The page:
Monthly Archives: July 2010

Therapy for therapists


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Therapy for therapists is an intriguing proposition, and one that I hadn’t even begun to consider until undertook the quest to becoming a therapist myself.  Although many of my classmates appeared to endorse the “encouraged but not required” position, I think therapy for therapists should be required for a license.  I believe that an imperative part of being an effective clinician is being able to experience being on the “other side of the table.”  I know this was a valuable experience for me in my teacher training.  Not only were we required to attend classes and perform all the other scholarly duties of a teacher in training, but we were required to conduct peer reviews.  In that respect, I would take the response one step further to include peer review and some experience with supervision to be included as part of the pre-requisite for licensure.    I think we should be required to familiarize ourselves with every perspective in the process, and be able to function effectively in all those areas.

I have participated in psychotherapy sessions as a client, and I think everyone should make that attempt at some point in their lives.  I think it’s inevitable that we all encounter stressors that would justify getting some help.  I can’t imagine a possible scenario where they would allow a teacher to teach without first teaching them how to be a good student, and I believe that same logic can be applied to therapy.

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The role of our personal values in a counseling relationship


The role of our personal values in a counseling relationship is a challenging ethical concept.  Even the most well intentioned and cautious clinician will be influenced, even inadvertently, by his or her values.  Imposing our own values on a client is a treacherous proposition, and it risks compromising our objectivity.  Some relativists would argue that such objectivity is an illusion, and that it is wholly unobtainable.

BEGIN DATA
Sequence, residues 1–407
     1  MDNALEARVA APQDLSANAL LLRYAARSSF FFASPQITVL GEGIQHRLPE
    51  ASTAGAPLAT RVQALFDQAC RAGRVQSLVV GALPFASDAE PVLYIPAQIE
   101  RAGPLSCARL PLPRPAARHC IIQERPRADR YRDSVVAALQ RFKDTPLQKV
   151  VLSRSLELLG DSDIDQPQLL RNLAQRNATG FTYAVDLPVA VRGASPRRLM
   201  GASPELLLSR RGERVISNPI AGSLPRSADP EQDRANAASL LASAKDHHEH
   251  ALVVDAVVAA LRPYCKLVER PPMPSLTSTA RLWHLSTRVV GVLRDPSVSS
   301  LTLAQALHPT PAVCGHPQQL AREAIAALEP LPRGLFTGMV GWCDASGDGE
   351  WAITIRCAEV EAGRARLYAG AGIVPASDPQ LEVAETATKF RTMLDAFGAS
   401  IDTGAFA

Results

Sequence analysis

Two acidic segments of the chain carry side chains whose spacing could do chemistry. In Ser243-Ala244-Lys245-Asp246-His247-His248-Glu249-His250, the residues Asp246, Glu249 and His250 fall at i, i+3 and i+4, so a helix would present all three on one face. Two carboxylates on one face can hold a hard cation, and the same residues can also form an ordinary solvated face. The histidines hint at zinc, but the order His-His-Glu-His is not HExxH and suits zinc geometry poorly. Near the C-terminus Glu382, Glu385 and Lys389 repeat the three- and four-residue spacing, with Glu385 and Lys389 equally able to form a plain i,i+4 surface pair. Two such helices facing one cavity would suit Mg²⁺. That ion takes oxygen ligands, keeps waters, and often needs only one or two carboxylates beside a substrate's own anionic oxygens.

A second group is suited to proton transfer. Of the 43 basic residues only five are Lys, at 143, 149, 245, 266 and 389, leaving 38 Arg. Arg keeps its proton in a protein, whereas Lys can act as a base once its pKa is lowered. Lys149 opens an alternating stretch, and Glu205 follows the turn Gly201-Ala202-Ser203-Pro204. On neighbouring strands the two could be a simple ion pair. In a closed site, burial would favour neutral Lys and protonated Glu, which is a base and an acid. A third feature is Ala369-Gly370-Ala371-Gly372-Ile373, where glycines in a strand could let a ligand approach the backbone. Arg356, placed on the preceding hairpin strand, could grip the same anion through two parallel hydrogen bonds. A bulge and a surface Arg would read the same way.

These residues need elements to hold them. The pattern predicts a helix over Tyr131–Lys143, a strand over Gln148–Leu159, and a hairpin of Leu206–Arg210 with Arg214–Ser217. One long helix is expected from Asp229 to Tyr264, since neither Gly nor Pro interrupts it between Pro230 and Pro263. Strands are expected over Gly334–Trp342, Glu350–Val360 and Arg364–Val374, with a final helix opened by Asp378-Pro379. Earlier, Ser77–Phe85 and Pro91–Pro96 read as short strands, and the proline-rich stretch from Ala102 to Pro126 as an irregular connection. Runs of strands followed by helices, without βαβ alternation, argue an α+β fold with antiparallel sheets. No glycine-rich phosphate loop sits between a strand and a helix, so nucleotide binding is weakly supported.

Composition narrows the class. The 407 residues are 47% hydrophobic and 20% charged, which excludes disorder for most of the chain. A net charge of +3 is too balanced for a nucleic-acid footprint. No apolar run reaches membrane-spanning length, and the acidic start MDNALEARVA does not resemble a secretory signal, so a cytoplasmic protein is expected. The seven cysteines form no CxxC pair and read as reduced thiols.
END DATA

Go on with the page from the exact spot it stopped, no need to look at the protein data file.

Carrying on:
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Initially, I am not entirely sure I saw a conflict with exposing my values (without imposing them on the client).  After additional reflection, I am not sure that I am entirely comfortable exposing my values during the course of the interview process.  Perception is reality, and I would have no control over the client’s interpretation of the values that were exposed.  Despite my best efforts and good intentions, exposing my values would open a number of different variables that could be counterproductive to the interview process.

For example, if my values differed greatly from those of my client, I could risk alienating the client to the degree that they may come to the conclusion that our values differ too much to continue the counseling relationship.  The end result is a referral at best, or the client ceasing to pursue psychotherapy as a treatment method all together.

It’s your turn!  I am seeking out strategies I can employ that will help me contain the potential damage associated with exposing my underlying core values.  How much does your therapist share with you?

I would like to learn to avoid comparing and contrasting client values with my own.  This is an overwhelming task given that I have a natural inclination to establish rapport by doing just that.  Does your therapist compare and contrast their values with yours?

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